For some time there was a trend of laying off so-called ScrumMasters from mostly big organizations. At first, it looks like Scrum is over. However, I would be careful with such conclusions. When you look closer, they are not really firing real ScrumMasters but some sort of delivery managers as they often call them or as I described them in my previous blog post – Scrum “Project” Masters, Scrum “Ceremonies” Masters, or Scrum “Jira” Masters. And they are also hiring them for such skills and responsibilities so it is no surprise. Those employees are mostly just pretending to be ScrumMasters. The problem is they often lack agile experience, lack coaching and facilitation skills, are not trained, and their managers often expect them to micromanage the delivery as they were always used to having everything under control. In other words, the environment is still so traditional that without strong leadership, desire for change, and experience in changing organizations they burn out and give up. “It would never work at my organization”, they say.
Indeed without them initiating the change, it will never work. Every change needs significant energy to change the status quo. And one of the responsibilities of great ScrumMasters is to work at all three levels of the #ScrumMasterWay concept:
Firstly, at My Team level, they need to be able to build a team from a group of individuals. Help them to be self-managing and cross-functional so they can deliver value end to end. Explain to them the dynamics of Scrum, facilitate events, and help them to take over the ownership and responsibility for their way of working. Once the initial work is done and the team starts picking up, they need to coach them so they constantly look for improvements.
Secondly, at the Relationship level, ScrumMasters need to work with teams that collaborate on bigger products. Helping Product Owners to shift from a delivery mindset to a value mindset, build a real value-driven Backlog, and prioritize. Facilitating larger refinements with multiple teams, stakeholders, customers, and the Product Owner. Supporting Product Owners to take over the responsibility and ownership for the entire product success focusing on return on investment and customer satisfaction, not just delivery.
Finally, at the Entire System level, ScrumMasters need to help the entire organization to embrace agility. In other words, be more adaptive. Loosen their budgeting the planning cycles, and be ok with uncertainty. Implement a fast feedback loop, and don’t be afraid to inspect and adapt. By increasing the transparency step by step they need to build trust in this new way of working. It’s the only way how to sustain the current world of constant changes and be ready to solve complex business problems. Simply help the organizations to be ready for whatever the future brings.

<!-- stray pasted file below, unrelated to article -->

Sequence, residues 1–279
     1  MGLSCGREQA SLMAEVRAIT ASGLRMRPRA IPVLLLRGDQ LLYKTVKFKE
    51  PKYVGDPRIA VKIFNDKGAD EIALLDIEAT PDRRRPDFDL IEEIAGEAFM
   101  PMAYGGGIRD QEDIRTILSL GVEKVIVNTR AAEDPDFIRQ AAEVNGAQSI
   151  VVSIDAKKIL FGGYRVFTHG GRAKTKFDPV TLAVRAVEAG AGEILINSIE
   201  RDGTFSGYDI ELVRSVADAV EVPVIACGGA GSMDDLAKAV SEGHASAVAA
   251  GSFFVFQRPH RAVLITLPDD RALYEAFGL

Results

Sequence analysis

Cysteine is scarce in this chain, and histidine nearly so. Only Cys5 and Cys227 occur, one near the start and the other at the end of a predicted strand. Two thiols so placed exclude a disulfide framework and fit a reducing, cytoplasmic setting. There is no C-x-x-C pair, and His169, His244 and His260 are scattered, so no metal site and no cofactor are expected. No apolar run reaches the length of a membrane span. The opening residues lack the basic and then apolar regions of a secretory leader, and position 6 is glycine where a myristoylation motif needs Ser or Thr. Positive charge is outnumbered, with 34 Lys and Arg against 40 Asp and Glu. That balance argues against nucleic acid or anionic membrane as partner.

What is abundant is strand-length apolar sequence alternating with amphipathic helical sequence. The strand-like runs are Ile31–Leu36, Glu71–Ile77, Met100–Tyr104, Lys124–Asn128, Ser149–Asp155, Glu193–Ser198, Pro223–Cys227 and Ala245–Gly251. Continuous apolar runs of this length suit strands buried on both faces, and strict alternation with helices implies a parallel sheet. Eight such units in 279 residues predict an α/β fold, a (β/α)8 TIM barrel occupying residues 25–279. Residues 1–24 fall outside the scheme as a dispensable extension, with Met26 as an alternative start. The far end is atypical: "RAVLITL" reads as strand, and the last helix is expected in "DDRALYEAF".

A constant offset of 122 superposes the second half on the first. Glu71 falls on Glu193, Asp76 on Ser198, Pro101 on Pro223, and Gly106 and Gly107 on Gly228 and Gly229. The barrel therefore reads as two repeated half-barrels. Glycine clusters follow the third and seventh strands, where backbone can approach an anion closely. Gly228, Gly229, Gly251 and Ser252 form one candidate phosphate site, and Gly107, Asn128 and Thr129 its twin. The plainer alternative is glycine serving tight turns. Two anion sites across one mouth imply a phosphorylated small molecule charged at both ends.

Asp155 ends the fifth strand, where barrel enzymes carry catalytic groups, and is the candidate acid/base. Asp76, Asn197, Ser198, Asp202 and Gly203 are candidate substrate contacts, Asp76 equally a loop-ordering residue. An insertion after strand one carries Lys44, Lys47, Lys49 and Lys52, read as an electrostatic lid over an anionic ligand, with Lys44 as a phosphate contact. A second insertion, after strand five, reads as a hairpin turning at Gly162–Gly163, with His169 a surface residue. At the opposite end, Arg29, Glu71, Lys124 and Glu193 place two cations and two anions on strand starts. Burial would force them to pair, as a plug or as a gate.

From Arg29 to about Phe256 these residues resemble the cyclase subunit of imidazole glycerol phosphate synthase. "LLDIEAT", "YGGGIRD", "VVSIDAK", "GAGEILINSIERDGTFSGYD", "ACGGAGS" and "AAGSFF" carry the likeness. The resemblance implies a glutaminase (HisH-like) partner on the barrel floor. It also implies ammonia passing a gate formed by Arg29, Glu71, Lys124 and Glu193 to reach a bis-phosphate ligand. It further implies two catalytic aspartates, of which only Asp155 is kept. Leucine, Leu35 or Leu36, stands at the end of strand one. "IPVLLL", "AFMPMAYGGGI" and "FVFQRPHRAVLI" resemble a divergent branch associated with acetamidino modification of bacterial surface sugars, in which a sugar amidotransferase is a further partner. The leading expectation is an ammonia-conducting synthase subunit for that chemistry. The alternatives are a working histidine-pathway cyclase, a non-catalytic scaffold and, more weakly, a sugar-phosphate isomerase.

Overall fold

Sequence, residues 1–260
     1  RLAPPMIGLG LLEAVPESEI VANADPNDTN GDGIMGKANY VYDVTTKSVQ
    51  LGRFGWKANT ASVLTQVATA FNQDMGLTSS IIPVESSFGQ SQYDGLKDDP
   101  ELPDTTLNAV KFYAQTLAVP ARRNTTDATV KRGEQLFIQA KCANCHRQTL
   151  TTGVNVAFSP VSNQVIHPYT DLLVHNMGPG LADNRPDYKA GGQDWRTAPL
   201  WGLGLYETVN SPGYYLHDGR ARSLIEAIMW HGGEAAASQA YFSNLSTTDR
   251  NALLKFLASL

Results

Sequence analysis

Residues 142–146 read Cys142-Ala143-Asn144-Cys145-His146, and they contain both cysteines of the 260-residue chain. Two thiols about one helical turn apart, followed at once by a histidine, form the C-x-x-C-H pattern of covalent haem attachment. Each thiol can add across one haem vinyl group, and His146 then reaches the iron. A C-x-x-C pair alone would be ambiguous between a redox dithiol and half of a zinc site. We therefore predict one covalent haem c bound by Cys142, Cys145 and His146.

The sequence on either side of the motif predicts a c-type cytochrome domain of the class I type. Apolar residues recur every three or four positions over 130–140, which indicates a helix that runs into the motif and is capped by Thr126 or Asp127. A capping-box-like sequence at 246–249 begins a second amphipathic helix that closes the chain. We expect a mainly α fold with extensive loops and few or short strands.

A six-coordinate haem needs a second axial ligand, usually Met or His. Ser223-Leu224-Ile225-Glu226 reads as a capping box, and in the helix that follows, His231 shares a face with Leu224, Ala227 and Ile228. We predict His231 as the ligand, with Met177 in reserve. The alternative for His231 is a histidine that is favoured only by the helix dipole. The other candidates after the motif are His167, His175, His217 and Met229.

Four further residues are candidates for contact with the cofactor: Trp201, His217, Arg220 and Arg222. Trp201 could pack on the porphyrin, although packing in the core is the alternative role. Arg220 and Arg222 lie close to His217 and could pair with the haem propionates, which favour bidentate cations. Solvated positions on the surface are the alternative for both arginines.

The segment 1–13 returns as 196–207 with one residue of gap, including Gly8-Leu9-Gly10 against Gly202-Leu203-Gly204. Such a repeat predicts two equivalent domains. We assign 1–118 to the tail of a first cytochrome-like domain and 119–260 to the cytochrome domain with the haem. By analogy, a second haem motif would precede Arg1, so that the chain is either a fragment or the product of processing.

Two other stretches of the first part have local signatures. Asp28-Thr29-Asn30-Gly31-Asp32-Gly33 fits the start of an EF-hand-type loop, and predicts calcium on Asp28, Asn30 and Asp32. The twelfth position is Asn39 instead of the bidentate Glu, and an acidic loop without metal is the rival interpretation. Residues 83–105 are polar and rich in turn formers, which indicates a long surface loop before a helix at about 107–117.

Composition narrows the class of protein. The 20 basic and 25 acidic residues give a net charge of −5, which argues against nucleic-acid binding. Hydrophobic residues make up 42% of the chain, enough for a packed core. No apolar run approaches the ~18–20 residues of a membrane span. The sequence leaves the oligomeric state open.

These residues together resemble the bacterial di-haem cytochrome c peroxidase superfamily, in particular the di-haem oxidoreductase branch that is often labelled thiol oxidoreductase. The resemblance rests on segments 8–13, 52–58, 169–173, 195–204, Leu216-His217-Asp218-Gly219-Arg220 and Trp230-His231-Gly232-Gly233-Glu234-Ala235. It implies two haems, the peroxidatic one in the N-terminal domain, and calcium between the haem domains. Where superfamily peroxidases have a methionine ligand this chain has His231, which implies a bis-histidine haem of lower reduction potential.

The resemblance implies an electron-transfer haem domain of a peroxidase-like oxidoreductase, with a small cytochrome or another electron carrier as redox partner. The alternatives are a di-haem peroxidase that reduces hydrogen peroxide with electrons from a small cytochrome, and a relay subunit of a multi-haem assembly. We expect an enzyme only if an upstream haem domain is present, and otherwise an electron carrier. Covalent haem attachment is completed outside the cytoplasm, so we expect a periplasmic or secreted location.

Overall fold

All over ScrumMasters need to start their ScrumMaster journey at the My Team level. Working with small teams, experiencing what difference can Scrum and agility make at the team level. Learning about the dynamics of Scrum, self-management, and cross-functionality. The same skills and experiences are then applied to larger entities of Relationship and Entire System Levels. They learn on the way.
In order to be successful, large traditional organizations need a certain number of ScrumMasters experienced with the entire system level so they can coach the organization on their agile adoption journey. Hiring Scrum “Project” Masters, Scrum “Ceremonies” Masters, or Scrum “Jira” Masters will never help and can only result in “Dark Scrum” that not only doesn’t help the organization achieve their business goals but demotivates everyone and often results in firing those “fake” ScrumMasters. It’s sad, but it’s quite a common step for traditional organizations on their agile journey. Indeed you can skip it, and hire real ScrumMasters and start changing right away, but for many organizations, it’s too radical approach. They still hope they can be successful in dealing with complexity in nowadays constantly changing world without change. I don’t think so. I believe the change is inevitable. But we’ll see what the future brings, and what organizations will struggle, and what organizations will survive.